Step 3: Creating a Line Chart
- Now, select all the data in the second table (cells B11:H14).
- Go to the Insert tab.
- Click on the Insert Line or Area Chart icon and choose Line Chart.
Step 4: Changing Horizontal Axis Labels
- As a result, a line chart will appear on the worksheet. Now, we will set up a timeline on the horizontal axis. For this, click on the horizontal axis labels and right-click on it. Go to the Select Data option.
- It will open a dialog box titled Select Data Source. In the Select Data Source menu, click on the Edit button under Horizontal (Category) Axis Labels.
- In the Axis Labels dialog box, select the range $C$10:$H$10 and click OK.
Step 5: Altering Default Chart Type
- Now, to transform the planned and actual hours data series into a clustered column chart, right-click on either the Planned Hours or Actual Hours line on the chart and select Change Series Chart Type.
- In the Combo tab, change the Chart Type to Clustered Column for both series. Check the Secondary Axis box and click OK.
Step 6: Modifying Scale of Secondary Axis
- To reduce the size of the clustered columns, right-click on the secondary axis labels and go to Format Axis.
- In the Axis Options group, under Bounds, set the Maximum value to 350.
Step 7: Customizing Burndown Chart
- Next, to customize the solid line representing the Total Breakdown, right-click on it and select Format Data Series.
- In the Format Data Series task pane, go to the Fill & Line Choose dark orange for the Line Color and select Dash for the Dash type.
- After that, format the line representing the remaining effort by selecting the series, right-clicking on it, and selecting Format Data Series.
- In the Format Data Series task pane, go to the Fill & Line tab, and click on the Marker icon to customize the marker type and size.
- Under Marker Options, choose Built-in and customize the marker type and size. Choose a color for the marker type.
- Hence, we will get our desired burndown chart.
Read More: How to Create a Burndown Chart in Excel
In conclusion, the Burndown Chart in Excel is a helpful tool for keeping track of projects. It’s like a map that shows how much work is left and helps teams make smart choices based on that. By using Excel’s simple features, you can manage your projects better, stay on track, and make changes as required. It makes project management easier, boosts productivity, and helps you reach your goals faster.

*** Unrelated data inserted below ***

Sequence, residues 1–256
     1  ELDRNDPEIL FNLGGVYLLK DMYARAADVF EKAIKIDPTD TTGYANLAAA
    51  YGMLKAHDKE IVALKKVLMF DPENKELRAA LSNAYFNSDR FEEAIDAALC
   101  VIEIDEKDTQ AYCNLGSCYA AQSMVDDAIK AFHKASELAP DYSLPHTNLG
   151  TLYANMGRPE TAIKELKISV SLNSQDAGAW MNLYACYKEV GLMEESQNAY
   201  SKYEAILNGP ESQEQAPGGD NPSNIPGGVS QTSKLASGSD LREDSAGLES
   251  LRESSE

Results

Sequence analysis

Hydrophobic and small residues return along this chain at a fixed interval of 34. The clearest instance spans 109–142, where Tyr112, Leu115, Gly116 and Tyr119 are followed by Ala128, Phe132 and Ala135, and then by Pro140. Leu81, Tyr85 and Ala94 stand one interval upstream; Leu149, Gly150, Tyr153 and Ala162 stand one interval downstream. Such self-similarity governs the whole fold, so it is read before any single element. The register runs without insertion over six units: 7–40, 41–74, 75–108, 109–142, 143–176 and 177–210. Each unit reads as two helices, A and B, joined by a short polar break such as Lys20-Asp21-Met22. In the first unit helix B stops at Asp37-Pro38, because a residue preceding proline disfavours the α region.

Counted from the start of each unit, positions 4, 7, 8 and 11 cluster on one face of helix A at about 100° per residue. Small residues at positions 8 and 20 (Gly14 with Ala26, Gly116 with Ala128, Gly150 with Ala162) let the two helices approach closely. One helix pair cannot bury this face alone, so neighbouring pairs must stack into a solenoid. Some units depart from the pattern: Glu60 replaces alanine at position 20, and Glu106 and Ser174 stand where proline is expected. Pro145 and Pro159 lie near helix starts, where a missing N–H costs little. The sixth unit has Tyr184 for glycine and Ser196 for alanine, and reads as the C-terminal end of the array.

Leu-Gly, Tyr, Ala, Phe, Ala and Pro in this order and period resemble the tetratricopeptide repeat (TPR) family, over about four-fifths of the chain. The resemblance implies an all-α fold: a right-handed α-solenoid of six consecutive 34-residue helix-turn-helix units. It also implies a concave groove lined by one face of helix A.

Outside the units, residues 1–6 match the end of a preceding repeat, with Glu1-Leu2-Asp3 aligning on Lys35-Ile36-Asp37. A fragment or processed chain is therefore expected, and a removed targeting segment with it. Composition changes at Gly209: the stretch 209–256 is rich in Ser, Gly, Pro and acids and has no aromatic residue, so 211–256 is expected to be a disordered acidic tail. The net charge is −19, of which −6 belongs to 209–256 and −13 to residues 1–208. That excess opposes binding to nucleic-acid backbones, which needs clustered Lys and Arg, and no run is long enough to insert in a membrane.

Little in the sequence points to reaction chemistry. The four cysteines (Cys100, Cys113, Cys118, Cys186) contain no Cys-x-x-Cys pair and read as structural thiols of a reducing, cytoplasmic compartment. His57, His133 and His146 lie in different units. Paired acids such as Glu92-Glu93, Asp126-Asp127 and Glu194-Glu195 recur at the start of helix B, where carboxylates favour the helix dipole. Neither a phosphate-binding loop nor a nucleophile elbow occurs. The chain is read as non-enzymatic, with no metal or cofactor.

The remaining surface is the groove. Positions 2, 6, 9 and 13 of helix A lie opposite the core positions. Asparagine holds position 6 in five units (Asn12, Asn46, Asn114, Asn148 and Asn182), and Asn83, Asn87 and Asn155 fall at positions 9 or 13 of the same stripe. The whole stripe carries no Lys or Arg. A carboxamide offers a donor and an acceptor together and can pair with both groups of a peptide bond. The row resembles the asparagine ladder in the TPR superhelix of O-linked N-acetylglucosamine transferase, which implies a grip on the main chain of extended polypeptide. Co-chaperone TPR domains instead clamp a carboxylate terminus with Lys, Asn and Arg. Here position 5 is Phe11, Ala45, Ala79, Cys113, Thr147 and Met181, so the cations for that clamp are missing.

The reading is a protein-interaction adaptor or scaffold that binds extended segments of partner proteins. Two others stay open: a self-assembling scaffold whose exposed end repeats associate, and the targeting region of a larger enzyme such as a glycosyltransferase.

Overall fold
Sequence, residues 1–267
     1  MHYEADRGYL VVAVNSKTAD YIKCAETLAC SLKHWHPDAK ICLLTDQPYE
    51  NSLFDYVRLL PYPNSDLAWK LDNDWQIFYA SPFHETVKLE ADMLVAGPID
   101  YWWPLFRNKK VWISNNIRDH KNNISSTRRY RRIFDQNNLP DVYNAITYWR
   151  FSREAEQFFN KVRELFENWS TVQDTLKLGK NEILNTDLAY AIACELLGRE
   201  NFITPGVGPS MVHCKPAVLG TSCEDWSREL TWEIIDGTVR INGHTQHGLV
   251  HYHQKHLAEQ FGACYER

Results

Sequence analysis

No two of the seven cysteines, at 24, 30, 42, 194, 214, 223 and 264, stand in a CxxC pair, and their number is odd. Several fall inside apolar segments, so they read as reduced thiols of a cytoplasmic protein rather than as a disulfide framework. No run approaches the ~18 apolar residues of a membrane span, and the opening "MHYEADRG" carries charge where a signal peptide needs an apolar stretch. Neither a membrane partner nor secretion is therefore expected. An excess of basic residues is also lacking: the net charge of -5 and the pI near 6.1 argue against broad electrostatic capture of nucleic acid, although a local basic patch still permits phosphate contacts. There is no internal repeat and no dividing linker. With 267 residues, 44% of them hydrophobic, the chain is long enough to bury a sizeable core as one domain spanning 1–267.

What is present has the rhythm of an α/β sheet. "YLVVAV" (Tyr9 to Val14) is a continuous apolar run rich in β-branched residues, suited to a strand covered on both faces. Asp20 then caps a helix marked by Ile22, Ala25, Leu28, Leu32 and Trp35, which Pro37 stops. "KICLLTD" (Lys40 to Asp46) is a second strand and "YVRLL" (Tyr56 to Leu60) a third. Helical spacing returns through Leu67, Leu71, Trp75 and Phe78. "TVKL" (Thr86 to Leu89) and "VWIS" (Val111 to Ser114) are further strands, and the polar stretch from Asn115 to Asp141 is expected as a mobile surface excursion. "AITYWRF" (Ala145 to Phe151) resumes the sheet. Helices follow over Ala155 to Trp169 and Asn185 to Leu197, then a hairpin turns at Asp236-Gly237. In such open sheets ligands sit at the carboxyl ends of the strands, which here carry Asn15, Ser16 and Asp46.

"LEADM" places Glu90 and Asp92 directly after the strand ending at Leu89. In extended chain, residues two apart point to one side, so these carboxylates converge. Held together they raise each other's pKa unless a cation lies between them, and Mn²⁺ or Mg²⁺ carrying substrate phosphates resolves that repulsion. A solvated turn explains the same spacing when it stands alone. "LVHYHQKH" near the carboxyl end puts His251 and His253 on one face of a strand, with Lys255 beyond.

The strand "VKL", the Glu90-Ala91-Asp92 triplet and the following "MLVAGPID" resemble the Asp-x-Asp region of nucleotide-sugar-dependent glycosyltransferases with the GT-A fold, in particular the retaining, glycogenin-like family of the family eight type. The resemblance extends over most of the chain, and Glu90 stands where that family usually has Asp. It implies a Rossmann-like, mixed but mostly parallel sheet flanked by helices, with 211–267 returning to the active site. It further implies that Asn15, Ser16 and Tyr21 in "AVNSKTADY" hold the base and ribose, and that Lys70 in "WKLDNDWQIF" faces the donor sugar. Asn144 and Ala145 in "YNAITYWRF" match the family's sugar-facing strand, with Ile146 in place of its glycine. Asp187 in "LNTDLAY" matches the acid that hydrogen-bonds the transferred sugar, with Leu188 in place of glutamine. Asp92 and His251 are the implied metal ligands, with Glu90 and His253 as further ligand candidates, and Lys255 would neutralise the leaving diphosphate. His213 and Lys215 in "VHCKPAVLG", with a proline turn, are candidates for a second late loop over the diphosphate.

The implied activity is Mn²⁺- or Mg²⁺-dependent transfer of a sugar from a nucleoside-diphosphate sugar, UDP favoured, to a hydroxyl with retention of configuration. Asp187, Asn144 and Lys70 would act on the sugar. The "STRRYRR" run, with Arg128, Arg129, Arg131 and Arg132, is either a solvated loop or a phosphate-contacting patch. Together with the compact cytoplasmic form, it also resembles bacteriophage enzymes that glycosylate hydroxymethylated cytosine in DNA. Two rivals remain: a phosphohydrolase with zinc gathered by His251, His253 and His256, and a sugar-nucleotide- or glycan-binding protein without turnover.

If you have any further questions, feel free to ask in the comment section below or on our forum. Thank you for reading this article!
Frequently Asked Questions
1. What are the limitations of the burndown chart?
There are a few limitations when utilizing a burndown chart in Excel. It is necessary to manually enter the data, which can be time-consuming and error-prone. The chart doesn’t update automatically, therefore unless manually updated, it couldn’t show the most recent development.
2. What can I use instead of a burndown chart?
A burnup chart may be used to track and illustrate the progress of a project instead of a burndown chart. The burnup chart functions as the opposite of the burndown chart. It displays the total amount of work finished over time. It gives a precise view of the whole task scope and the percentage of it that has been completed.
3. What is the Gantt chart vs. the Burndown chart?
A Gantt chart shows tasks and dependencies on a timeline. On the other side, a burndown chart displays the quantity of work that remains as time passes. Gantt charts focus on scheduling, whereas burndown charts show progress.
Burndown Chart in Excel: Knowledge Hub
- How to Create Sprint Burndown Chart in Excel
- How to Create Risk Burndown Chart in Excel
- How to Create Budget Burndown Chart in Excel
- How to Create a Burn-up Chart in Excel